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CBCA Awards Contractor $904,575.00 in Restocking Fees

Posted on February 3rd, 2017 by

In the appeal of Paradise Pillow, Inc. CBCA 5179 (February 1, 2017), the Civilian Board of Contract Appeals awarded a contractor $904,575.00 in restocking fees for blankets ordered by the GSA after a hurricane in New Jersey, but later returned because they were not needed.  At first, the Contracting Officer agreed to pay the restocking fees and even signed a bilateral modification totaling $904,575.00.  However, the GSA would later dishonor this modification and terminated the contract for default instead because the blankets were allegedly not delivered on time.  The contractor appealed the termination for default and won.  The Board held that the GSA could not prove that the contractor did not meet the delivery deadline.  The termination for default was therefore converted to a termination for convenience.

Next, came monetary damages for the termination for convenience.  The GSA argued that restocking fees were expressly prohibited by the contract because it included the terms, “RESTOCKING: Not Applicable.”  The Board held that this language did not prevent the parties from agreeing, as they did, that restocking fees were “fair consideration” for the termination costs.  The Board noted that the contractor incurred the cost of “accumulating 150,000 blankets, delivering them to specified locations on short notice and under difficult conditions in the wake of a hurricane, maintaining the blankets in trailers at locations for several weeks, retrieving the blankets, and restocking the blankets in the warehouse.”  Under these circumstances, the Board held that the restocking fees were reasonable and the Contracting Officer had authority to pay them.  The GSA must therefore honor the modification in which it previously agreed to pay $904,575.00 in restocking fees.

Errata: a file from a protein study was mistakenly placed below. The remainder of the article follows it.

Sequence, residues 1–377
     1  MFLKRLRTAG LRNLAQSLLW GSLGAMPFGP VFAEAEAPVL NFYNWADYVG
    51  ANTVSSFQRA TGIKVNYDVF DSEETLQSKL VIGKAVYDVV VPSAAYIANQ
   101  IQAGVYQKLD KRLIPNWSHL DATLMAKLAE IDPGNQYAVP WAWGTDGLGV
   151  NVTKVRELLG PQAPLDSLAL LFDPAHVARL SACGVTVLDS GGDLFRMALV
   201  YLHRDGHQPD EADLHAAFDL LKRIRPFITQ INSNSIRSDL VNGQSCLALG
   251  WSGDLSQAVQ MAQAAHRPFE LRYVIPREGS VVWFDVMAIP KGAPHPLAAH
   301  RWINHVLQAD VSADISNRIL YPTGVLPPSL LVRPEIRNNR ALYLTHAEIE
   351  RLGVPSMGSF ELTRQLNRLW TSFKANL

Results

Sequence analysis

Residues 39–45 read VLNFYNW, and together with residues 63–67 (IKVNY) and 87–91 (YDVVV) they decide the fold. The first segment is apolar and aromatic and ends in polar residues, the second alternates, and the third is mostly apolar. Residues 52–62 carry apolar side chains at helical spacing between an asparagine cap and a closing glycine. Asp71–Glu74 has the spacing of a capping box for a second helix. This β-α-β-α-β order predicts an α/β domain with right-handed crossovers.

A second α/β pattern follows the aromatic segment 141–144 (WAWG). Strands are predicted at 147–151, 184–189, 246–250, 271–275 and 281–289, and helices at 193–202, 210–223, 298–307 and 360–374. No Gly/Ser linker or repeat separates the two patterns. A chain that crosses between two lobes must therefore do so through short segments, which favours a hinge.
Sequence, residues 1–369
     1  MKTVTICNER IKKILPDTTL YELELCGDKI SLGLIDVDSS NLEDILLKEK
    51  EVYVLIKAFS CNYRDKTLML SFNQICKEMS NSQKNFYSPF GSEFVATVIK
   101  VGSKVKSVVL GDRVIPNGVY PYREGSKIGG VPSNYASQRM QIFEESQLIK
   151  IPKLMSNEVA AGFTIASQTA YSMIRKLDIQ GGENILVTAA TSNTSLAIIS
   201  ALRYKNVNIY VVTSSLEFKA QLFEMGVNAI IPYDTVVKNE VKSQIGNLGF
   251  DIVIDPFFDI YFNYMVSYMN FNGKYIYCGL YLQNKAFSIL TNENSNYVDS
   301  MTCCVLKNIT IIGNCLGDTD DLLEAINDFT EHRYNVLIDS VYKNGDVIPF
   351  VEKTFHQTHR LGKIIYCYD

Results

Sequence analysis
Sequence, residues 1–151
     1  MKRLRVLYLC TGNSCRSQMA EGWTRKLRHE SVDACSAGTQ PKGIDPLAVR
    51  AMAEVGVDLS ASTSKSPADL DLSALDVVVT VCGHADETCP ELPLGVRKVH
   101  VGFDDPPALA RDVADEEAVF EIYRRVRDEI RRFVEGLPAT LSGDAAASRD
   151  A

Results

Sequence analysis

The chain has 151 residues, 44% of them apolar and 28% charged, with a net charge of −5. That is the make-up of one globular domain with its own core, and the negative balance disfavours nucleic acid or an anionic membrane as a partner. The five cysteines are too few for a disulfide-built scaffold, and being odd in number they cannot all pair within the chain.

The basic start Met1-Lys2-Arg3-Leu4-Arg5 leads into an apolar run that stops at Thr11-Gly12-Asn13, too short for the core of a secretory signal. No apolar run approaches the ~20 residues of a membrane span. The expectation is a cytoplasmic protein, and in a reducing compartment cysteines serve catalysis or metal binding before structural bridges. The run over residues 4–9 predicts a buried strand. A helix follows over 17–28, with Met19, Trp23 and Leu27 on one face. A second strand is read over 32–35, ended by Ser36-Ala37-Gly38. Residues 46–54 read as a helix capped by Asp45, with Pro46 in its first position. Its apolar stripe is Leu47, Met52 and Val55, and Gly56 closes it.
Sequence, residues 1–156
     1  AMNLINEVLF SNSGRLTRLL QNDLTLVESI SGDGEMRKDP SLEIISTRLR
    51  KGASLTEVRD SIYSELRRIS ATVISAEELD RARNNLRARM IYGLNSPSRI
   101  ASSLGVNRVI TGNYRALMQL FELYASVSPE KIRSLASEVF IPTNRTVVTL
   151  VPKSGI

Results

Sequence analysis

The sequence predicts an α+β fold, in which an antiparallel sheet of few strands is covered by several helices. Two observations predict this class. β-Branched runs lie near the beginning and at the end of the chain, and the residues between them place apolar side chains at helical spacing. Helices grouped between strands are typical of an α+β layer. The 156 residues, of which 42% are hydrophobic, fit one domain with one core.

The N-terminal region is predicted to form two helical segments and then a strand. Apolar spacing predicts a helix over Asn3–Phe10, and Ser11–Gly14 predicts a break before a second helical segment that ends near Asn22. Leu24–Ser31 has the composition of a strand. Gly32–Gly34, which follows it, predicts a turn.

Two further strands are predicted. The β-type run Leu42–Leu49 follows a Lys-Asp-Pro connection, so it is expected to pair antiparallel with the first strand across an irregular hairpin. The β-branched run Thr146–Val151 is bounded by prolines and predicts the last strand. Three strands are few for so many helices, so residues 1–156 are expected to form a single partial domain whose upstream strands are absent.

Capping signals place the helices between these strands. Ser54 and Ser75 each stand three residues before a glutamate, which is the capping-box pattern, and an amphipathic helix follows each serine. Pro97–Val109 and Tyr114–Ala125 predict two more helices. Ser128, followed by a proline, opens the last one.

The Board’s decision preserves the integrity of our procurement system.  When signing a bilateral modification, absent fraud or misrepresentation, both parties are bound by its terms.

Board Finds VA Termination for Convenience Was Not Done In Bad Faith

Posted on May 24th, 2016 by

In UNIVERSAL HOME HEALTH AND INDUSTRIAL SUPPLIES, INC., CBCA 5083 (May 17, 2016), the Civilian Board of Contract Appeals denied a contractor’s claim that the VA’s termination for convenience was done in bad faith.  The VA initially terminated the contract for default because the contractor failed to provide heart monitoring services vital to two VA hospitals.  The VA then converted this to a termination for convenience after determining that the contract was not at fault.

The contractor subsequently claimed that the termination for convenience was done in bad faith and requested anticipatory lost profits.  The Board noted that the contractor bears a heavy burden in proving bad faith or abuse of discretion:

A termination for convenience will only be a breach of contract if “the tribunal finds that the termination was motivated by bad faith or constituted an abuse of discretion, or that the Government entered into the contract with no intention of fulfilling its promises.” Greenlee Construction, Inc. v. General Services Administration, CBCA 415 et al., 07-2 BCA ¶ 33,619, at 166,510. “In the absence of bad faith or clear abuse of discretion, the  contracting officer’s election to terminate for the government’s convenience is conclusive.” T&M Distributors, Inc. v. United States, 185 F.3d 1279, 1283 (Fed. Cir. 1999).